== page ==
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Journal Article

15 Years of Anti-Corruption in Romania: Augmentation, Aberration and Acceleration


Mendelski,  Martin
Politische Ökonomie der europäischen Integration, MPI for the Study of Societies, Max Planck Society;

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Mendelski, M. (2021). 15 Years of Anti-Corruption in Romania: Augmentation, Aberration and Acceleration. European Politics and Society, 22(2), 237-258. doi:10.1080/23745118.2020.1729051.

Cite as: https://hdl.handle.net/21.11116/0000-0006-043A-5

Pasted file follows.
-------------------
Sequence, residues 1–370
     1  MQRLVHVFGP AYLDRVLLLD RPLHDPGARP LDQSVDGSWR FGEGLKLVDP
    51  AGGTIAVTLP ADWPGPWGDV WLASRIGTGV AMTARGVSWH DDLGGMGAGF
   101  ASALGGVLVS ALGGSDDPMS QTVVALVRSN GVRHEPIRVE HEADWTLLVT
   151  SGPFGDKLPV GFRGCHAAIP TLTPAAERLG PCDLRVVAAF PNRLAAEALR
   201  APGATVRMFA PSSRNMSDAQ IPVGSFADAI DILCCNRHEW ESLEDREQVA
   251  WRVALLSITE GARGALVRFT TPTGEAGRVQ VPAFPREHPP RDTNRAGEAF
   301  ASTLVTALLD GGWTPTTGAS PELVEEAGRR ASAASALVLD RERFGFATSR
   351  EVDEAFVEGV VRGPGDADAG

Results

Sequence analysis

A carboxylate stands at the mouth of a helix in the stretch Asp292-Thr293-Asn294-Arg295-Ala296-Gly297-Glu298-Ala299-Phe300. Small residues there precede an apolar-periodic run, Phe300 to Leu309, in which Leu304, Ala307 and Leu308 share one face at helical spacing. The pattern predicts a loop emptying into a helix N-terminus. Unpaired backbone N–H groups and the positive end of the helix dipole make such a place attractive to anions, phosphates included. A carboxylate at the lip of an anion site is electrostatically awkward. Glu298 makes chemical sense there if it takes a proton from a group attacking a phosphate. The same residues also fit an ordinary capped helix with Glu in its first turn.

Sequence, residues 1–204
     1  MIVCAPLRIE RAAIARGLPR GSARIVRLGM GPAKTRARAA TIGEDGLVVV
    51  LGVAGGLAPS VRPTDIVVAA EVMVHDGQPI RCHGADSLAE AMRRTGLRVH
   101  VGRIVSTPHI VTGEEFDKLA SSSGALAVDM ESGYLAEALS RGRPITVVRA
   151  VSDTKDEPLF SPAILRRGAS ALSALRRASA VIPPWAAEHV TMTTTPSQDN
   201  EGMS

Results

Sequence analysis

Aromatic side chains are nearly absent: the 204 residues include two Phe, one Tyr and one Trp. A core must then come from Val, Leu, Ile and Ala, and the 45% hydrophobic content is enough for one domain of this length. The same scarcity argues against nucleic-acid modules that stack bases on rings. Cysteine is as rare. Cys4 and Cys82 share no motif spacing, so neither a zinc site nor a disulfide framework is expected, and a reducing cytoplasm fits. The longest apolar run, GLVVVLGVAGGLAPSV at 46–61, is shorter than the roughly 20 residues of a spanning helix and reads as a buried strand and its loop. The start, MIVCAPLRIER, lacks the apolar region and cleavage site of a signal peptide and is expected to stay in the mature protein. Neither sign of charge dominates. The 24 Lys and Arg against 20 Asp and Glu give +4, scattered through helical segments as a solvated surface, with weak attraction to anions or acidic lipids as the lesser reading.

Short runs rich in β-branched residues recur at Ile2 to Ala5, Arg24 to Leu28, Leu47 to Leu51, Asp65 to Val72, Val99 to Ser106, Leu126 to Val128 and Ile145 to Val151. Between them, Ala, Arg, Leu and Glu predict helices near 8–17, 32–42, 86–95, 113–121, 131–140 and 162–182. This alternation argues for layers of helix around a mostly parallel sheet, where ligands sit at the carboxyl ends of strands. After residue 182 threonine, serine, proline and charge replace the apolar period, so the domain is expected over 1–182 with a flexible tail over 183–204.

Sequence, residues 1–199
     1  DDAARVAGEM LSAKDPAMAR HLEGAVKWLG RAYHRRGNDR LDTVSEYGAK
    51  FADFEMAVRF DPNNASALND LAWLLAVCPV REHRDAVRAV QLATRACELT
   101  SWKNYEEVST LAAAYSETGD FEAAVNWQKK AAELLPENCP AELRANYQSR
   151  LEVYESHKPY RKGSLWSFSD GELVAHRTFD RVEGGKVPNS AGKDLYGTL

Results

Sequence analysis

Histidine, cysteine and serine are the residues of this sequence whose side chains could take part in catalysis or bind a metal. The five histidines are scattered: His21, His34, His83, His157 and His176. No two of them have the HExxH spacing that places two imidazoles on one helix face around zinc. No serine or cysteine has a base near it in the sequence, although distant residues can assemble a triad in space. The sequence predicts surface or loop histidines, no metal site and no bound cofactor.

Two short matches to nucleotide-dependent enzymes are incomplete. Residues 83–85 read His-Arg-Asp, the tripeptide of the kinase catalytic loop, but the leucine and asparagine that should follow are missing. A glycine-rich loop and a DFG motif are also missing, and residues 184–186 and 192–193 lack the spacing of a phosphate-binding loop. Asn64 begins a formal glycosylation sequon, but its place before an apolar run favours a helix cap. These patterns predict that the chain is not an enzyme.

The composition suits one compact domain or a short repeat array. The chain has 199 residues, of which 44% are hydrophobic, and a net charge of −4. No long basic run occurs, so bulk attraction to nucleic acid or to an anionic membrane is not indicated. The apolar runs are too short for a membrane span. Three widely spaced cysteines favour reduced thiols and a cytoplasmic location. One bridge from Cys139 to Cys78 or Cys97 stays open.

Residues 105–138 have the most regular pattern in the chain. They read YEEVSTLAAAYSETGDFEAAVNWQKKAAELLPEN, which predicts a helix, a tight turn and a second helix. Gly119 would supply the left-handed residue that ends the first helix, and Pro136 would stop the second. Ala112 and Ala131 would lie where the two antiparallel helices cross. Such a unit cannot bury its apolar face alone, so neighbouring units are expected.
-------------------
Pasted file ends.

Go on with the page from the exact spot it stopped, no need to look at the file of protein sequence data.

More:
Romania’s criminal prosecution of corruption is a controversial topic. While advocates praise the National Anticorruption Directorate (DNA) for its increasing results, critics voice concerns over the abusive and excessive manner how the fight against corruption is conducted. Is Romania’s anti-corruption battle an impressive success or rather a worrisome excess? The article aims to resolve this controversy by assessing anti-corruption activity conceptually and empirically. First, an evaluation scheme of anti-corruption activity – the anti-corruption evaluation chain – is developed, which distinguishes between three stages: 1. Input (capacity), 2. Process (fairness, reasonableness) and 3. Output (results). Second, each dimension is measured empirically by relying on a new set of quantitative indicators and qualitative empirical evidence (e.g. analysis of ECHR judgments, interviews with magistrates). The findings indicate that Romania’s fight against corruption has resulted in the augmentation of capacity (e.g. human and financial resources), the acceleration of results (e.g. increasing number of indicted, prosecuted and convicted persons) and aberration from the principles of fair trial and reasonableness, i.e. proportionality. Overall, Romania’s criminal prosecution of corruption has derailed into an over-zealous struggle for a ‘noble cause’ which itself has violated individual rights, the principles of fairness and proportionality, procedural integrity and the rule of law.